Freshwater Exposure, Successful Relocation and Subsequent Drowning of a Subadult Atlantic Bottlenose Dolphin (Tursiops truncatus)
In cetaceans, prolonged exposure to low salinity water (>5 days, <5ppt) causes skin lesions, corneal edema, and electrolyte abnormalities. Here we review a case of a subadult Atlantic bottlenose dolphin that refused to leave a freshwater lake in Seminole, Alabama. The animal was observed in the lake for 1 month (24 Feb to 25 Mar 2016) and was then relocated to a nearby brackish water bay (15–25 ppt) in Orange Beach, Alabama because the animal had begun to develop freshwater skin lesions and corneal opacities.
Blood samples and skin biopsies collected during the rescue revealed abnormalities consistent with prolonged freshwater exposure including decreased sodium, chloride and low osmolality. Twelve weeks following successful relocation, the dolphin was found dead with signs of fishery interaction. Necropsy showed resolution of freshwater skin lesions and normal sodium, potassium and osmolality; however, the corneal opacities had worsened. This case highlights the cumulative effects of natural and anthropogenic pressures on dolphins in Alabama and provides a unique opportunity to follow the effects of 1 month of freshwater exposure followed by 3 months of recovery.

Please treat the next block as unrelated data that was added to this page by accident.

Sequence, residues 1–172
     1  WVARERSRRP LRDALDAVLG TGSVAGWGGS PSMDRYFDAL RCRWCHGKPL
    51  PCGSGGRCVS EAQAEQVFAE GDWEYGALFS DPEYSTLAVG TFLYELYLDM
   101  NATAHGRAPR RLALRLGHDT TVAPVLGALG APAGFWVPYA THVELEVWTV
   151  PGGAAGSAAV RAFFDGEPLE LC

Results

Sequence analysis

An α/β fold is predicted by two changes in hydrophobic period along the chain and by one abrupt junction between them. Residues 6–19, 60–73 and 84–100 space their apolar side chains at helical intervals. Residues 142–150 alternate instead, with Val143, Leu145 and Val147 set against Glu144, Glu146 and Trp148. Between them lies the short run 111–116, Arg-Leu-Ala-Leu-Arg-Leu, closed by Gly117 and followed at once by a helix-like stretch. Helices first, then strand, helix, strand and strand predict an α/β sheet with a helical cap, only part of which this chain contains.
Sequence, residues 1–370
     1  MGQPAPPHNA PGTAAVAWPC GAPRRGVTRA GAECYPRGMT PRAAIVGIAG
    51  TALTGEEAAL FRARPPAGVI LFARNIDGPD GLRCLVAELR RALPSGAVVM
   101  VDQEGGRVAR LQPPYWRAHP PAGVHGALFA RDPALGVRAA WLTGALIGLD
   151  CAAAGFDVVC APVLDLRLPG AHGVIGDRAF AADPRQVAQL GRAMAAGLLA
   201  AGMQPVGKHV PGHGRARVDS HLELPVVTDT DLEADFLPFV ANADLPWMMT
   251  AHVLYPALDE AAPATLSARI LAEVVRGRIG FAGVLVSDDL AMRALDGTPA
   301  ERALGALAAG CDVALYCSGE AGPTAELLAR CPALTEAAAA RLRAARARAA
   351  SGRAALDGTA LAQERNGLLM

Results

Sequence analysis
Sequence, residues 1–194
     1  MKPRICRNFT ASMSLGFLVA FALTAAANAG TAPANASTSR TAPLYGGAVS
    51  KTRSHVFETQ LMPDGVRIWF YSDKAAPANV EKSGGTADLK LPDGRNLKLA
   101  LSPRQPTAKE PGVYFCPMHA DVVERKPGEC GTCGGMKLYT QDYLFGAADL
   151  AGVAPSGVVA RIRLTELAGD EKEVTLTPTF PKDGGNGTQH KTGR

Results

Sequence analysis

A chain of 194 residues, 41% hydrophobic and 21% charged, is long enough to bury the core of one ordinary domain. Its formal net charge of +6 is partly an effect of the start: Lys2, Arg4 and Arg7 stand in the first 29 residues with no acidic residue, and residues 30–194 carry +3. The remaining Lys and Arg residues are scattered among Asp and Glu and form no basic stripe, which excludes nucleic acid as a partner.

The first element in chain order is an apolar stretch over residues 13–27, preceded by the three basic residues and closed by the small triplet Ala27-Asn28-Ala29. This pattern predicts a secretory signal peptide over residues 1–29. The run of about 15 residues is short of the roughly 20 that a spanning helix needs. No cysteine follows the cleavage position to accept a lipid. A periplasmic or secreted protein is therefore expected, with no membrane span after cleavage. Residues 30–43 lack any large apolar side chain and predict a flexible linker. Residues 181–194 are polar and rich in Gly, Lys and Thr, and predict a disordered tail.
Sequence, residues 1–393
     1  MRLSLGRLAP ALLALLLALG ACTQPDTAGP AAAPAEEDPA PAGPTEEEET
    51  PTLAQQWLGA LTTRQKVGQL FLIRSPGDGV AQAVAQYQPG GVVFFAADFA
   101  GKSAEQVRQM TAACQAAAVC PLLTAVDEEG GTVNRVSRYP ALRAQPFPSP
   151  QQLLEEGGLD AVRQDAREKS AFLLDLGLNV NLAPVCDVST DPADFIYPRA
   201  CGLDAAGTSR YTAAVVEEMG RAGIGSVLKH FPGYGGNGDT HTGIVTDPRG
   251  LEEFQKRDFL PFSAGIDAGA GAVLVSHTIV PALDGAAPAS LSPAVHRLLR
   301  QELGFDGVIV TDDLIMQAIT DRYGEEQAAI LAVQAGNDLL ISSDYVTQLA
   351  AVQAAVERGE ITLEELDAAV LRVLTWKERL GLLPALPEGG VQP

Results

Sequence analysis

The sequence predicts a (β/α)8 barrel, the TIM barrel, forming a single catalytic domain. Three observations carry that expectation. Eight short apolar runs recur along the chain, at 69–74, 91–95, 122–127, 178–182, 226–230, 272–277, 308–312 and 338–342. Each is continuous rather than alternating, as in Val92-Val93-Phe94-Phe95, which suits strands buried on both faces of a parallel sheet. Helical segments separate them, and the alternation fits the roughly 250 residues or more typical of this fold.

In this Alabama watershed, there are seasonal salinity fluctuations and anthropogenic pressures, such as fishery interactions, that commonly impact the resident dolphins. Urbanization or climate variations may enhance freshwater runoff and increase human water activities, such as fishing. This case shows the synergistic effects of these influences, and provides information on prolonged freshwater exposure, subsequent recovery and sequelae.
Rescue and monitoring were conducted with the assistance of Emerald Coast Wildlife Refuge, Institute for Marine Mammal Studies, NOAA-NMFS, Sarasota Dolphin Research Program, SeaWorld Orlando Rescue Team, University of Central Florida and University of South Alabama. Reporting, monitoring and tracking assistance was provided by Alabama Department of Conservation and Natural Resources, City of Orange Beach, and Orange Beach area dolphin tour boat operators. We thank Katie Witlicki for her hard work associated with this case. Photos courtesy of ALMMSN, Brandon Ard, Elise Poche, David Rotstein & Christina Toms. Stranding network funding was provided by the National Fish & Wildlife Foundation and the Alabama Department of Conservation and Natural Resources.
* Presenting author
+ Student presenter
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